• Causes:

    • Menstruation: This may seem obvious, but before you call your doctor, ask yourself if it's around this time of the month.
    • Vaginal atrophy or dryness: This is usually related to a lack of estrogen (and often appears after menopause).
    • Cervicitis: This is an inflammation or infection of the cervix. This can cause bleeding or a change in your vaginal discharge. Causes include:
      • Sexually transmitted diseases, such as chlamydia.
      • Bacterial vaginosis or an imbalance of bacteria naturally present in the vagina. Although this is not a likely cause, sometimes secondary inflammation can cause bleeding after sex.
      • Trichomoniasis, or sexually transmitted infection by a parasite.
    • Cervical ectropion: The soft glandular cells that line the inside of the cervical canal dilate in the outer part of the cervix (where the cells are usually harder).
    • Cervical polyps: These are growths at the opening of the cervix that sometimes result from chronic inflammation or hormonal changes.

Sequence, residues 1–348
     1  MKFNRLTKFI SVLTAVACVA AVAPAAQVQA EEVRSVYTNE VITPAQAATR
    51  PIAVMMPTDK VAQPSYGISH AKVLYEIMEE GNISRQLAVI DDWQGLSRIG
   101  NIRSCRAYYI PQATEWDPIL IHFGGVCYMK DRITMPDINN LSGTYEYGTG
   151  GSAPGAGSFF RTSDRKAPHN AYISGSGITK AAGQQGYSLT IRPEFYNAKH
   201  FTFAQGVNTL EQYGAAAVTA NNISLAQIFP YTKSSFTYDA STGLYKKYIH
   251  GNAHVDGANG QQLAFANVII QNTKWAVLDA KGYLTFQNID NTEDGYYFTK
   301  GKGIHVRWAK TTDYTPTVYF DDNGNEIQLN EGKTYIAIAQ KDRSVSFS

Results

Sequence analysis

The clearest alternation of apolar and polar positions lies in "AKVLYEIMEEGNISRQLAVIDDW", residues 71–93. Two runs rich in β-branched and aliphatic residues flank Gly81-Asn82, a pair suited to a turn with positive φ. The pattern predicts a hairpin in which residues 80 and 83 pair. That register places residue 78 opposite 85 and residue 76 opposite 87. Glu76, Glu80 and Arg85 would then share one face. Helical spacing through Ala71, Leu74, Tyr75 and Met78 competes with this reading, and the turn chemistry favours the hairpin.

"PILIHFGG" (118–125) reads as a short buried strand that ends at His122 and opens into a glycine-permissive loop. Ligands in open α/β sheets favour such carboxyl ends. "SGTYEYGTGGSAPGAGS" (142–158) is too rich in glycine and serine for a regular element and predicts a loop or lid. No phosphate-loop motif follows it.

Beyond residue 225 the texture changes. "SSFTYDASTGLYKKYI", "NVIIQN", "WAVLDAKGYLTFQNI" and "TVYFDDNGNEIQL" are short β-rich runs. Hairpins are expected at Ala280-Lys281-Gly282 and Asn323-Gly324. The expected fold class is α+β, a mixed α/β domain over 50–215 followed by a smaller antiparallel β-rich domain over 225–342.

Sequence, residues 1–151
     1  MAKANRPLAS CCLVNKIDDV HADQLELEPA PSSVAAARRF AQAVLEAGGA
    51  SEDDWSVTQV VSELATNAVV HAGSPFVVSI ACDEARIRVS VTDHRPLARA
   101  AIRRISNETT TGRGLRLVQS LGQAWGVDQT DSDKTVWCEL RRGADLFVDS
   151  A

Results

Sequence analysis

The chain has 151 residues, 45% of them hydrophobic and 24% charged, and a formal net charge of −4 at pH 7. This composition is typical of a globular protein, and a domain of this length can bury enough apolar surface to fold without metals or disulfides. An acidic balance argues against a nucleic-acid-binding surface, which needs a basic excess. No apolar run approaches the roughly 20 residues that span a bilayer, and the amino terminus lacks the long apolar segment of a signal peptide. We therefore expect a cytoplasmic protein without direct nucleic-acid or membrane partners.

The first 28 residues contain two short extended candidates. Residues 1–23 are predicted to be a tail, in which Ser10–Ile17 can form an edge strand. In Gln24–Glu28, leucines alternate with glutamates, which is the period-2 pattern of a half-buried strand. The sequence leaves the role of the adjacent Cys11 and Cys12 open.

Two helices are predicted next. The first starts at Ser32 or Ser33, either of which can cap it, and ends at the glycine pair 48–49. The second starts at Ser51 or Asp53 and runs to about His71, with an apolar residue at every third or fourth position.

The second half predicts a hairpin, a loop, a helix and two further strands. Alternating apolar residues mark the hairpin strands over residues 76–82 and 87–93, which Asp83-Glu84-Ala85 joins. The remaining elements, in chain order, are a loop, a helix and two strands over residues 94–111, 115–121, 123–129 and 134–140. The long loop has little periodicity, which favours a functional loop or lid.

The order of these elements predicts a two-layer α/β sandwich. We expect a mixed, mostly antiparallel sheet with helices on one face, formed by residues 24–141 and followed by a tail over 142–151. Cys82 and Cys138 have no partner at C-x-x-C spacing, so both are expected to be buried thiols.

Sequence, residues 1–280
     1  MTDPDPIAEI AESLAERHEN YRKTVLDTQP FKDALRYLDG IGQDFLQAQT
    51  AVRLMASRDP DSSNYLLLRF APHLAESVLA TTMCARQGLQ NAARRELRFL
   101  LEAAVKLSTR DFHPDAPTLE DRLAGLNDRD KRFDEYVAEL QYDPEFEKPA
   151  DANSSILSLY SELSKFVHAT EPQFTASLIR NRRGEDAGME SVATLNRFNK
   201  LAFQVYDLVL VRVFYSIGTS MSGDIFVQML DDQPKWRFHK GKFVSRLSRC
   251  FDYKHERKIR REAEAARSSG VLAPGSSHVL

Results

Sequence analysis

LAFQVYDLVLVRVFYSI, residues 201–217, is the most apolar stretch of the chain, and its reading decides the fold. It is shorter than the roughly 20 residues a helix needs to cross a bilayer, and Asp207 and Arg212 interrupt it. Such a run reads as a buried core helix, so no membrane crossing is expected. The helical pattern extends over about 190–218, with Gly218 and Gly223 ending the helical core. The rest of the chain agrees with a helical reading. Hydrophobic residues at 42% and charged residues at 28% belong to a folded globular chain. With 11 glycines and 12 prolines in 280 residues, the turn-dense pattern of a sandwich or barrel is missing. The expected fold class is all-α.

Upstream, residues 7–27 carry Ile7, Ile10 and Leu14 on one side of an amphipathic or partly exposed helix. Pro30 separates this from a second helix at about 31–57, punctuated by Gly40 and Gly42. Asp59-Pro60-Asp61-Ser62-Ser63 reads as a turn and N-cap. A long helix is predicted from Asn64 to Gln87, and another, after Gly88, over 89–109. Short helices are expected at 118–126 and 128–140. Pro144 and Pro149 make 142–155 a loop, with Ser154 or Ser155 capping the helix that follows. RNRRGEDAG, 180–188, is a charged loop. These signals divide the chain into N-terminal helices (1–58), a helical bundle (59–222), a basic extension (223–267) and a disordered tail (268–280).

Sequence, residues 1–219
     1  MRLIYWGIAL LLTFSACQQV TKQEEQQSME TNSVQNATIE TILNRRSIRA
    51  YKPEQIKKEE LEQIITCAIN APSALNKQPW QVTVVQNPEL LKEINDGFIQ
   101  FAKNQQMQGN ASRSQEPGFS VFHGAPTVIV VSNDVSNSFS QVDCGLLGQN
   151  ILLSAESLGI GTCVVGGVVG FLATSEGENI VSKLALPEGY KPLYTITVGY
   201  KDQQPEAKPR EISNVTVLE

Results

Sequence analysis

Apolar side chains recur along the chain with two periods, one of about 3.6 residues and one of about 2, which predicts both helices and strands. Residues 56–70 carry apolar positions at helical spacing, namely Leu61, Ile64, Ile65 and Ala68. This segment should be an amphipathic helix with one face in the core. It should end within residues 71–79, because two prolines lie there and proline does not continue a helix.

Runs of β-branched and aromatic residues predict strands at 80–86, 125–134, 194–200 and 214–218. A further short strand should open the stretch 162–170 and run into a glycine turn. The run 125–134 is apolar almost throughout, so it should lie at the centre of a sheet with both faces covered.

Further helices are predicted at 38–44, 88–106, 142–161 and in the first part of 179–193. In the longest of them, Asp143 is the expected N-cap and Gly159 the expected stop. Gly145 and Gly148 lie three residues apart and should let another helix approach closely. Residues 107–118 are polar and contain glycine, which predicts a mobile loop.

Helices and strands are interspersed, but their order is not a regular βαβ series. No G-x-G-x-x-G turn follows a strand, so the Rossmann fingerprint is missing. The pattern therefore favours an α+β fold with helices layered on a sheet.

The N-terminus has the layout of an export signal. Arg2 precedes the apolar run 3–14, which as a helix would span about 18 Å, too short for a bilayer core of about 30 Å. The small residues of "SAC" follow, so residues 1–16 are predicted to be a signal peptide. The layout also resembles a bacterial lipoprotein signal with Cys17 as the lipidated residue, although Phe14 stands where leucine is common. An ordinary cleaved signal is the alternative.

• Uterine prolapse: If the uterus comes out of its normal position, sometimes the cervix and other tissue are exposed. If the condition is severe enough, it can cause bleeding.
    • Lesions: Lesions found in the cervix are often benign. But they can bleed after sex.
    • Cervical cancer: About 11% of women with cervical cancer experience post-coital bleeding. It is often the first symptom of cancer.

    Diagnosis:

  • To find out the cause of the bleeding, your doctor will need to ask you personal questions about your sexual activity. These questions can be embarrassing, but your doctor talks about this sort of thing all the time. The more information you give them, the easier it will be for them to find out what is going on.
  • Your doctor will also need to find out about:
    • what contraception you are using
    • any other medicine you are taking
    • the last time you had a cervical smear
  • If you do not see your regular doctor, it may be very helpful to take your medicines such as “the pill” with you if you are using it.
  • Tests and Procedures:

  • Your doctor may also ask you for some common tests and procedures, such as:
    • A urine sample to check for pregnancy or a urinary tract infection.